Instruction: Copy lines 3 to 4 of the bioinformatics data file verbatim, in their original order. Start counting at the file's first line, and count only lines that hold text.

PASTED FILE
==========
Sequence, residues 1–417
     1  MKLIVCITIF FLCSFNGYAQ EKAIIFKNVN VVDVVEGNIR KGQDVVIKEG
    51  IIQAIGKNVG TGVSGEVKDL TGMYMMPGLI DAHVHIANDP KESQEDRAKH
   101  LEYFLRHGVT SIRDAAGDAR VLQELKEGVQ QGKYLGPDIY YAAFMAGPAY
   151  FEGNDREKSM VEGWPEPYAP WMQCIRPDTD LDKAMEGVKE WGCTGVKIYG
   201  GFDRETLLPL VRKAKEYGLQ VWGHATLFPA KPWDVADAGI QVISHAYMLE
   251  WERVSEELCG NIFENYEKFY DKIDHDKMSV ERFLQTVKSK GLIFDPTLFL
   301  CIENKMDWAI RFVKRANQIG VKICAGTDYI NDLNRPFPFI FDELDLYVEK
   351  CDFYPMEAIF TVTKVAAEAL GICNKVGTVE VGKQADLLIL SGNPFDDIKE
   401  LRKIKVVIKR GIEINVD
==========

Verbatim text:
    51  IIQAIGKNVG TGVSGEVKDL TGMYMMPGLI DAHVHIANDP KESQEDRAKH
   101  LEYFLRHGVT SIRDAAGDAR VLQELKEGVQ QGKYLGPDIY YAAFMAGPAY